Tips for Student Presenters
- General Logistics
- The 2019 Capstone Day is scheduled for Thursday, May 9, from 9:30am to 8:00pm. Presentations will be held in the larger campus classrooms, Humanities Auditorium, Balch Auditorium, and Williamson Gallery. The schedule includes four 1-hour sessions, separated by 15 minute breaks and a community lunch break from 12:00 – 1:30pm.
- Please check to see when you are scheduled to present by viewing the Capstone Day program on the Scripps website or the printed program booklet. The online program should be posted by Monday, April 30th; student presenters will receive a hard copy on either May 2 or 3.
- On Capstone Day, please make sure you check in with the Forum Clerk in the Humanities courtyard at the latest 15 minutes before the start of your session. Presenters remain in their session until all of the speakers have presented and the question time has ended. It is imperative that all sessions begin and end on time. Bear in mind that students participating in the B and D session time periods will have only 15 minutes to set up for their sessions. If you are using technology in your presentation, make sure you are ready on time so as to facilitate a smooth transition between sessions.
- Be sure to notify friends and family regarding the location and time of your session. We look forward to seeing you and your family and friends on Capstone Day!
- Tips for Oral Presentations
- Organization: Think about how people listen. You will want to frame your talk with a purposeful introduction and provide clear verbal signposts along the way.
- Notes: Plan a notetaking system that will work for you when you are standing before an audience (with your knees shaking, your throat dry, and your eyes blurry). Some speakers work well from an outline on a pad of paper; some write their whole talk out and virtually memorize it; some work well from notecards.
- An opener: Think hard about your first words. How will you pull your listeners together and set them up for the talk? Remember, they haven’t been thinking about the subject at all, so your first words will have to organize their thoughts as well as yours.
- A conclusion: Think equally hard about a good way to wrap up your talk. What last words do you want to leave your audience with? If you have planned your conclusion carefully ahead of time, you will be able to retrieve it even if you become flustered in the middle of your talk.
- Context: Remember that while you have been working on this project for months, your audience is new to the subject. Giving them context for your work will help them understand your presentation much more easily. Offering examples or asking the audience to think about similar experiences in their own lives can help provide context.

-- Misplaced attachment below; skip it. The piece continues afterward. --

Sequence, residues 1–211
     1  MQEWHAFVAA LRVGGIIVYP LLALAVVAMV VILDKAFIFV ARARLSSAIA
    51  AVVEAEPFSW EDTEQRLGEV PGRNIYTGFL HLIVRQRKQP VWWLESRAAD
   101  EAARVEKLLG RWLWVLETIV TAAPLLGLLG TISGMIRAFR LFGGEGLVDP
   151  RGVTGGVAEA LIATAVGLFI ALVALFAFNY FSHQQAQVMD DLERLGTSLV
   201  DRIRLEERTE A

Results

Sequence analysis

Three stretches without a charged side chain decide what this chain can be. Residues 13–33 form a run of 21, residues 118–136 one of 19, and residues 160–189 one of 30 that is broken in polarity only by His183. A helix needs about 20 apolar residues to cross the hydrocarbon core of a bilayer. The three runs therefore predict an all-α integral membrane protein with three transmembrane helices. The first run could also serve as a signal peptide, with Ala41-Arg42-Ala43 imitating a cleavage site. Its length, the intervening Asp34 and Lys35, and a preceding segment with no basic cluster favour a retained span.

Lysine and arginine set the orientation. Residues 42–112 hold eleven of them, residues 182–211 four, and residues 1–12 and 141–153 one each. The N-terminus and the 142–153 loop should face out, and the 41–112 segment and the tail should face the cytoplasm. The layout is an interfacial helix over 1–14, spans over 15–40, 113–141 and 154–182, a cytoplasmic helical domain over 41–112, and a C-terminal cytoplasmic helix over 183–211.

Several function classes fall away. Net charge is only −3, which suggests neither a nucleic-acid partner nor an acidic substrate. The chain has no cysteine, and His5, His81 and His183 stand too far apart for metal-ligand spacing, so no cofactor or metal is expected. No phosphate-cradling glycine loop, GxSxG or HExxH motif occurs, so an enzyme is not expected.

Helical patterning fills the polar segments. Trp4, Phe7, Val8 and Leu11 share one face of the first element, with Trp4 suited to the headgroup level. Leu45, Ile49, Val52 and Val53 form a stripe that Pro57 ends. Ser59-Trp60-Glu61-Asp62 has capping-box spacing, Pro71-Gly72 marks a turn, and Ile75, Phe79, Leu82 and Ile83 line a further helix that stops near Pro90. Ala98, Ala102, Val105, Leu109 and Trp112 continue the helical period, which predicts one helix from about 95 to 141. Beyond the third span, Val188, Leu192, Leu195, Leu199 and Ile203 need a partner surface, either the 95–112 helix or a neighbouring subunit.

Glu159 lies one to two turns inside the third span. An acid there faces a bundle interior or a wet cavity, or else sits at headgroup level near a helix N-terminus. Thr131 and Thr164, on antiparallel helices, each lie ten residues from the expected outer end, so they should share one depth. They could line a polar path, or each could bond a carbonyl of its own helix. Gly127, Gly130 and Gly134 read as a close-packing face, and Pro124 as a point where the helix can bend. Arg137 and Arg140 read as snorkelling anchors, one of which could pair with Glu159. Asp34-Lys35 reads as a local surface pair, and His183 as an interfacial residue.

- Time: Practice your talk aloud so you know you will stay within the time limit. The presentation should take about 12-13 minutes plus 2 min. for questions. Emphasize the most interesting aspects of your work.
- Stance: Decide how you will use your body during the talk. Will you stand or sit? Are you comfortable using gestures to help you? Do you have any annoying or distracting mannerisms that you need to control?
- Voice: Practice and experience will help you learn to control your voice. Are you speaking too softly? Too loudly? Mumbling? Are your words and sentences clearly enunciated, with clear beginnings and ends? Are you speaking too quickly or too slowly? Learn to project; your words need to reach your audience.
- Interacting with the audience: Allow yourself to be aware of your audience. Look at them; talk to them. Warm them up. Some speakers ask questions of the audience, or ask them to think of something on their own. (“What is your earliest childhood memory?” “Have you ever had the following experience: …? “)
- Visual aids: Many presentations require visual aids, especially as you move into the work world. Eventually, you will want to think about how visual aids can help make your point. You will need to learn to design effective slides and to handle equipment.
- Tips for PowerPoint Presentations
- An effective slide has a single, readily identifiable principle concept. Focus on a few key points. Try different styles of presentation. Do an initial sketch, then do a rough layout to get a good idea of proportions and balance. At the final layout stage, ask a friend if the message is clear and if the important points stand out.
- Avoid projecting slides that include only text. Slides that contain more than a few words per line cannot be read by the audience. Keep slides simple, with plenty of open space.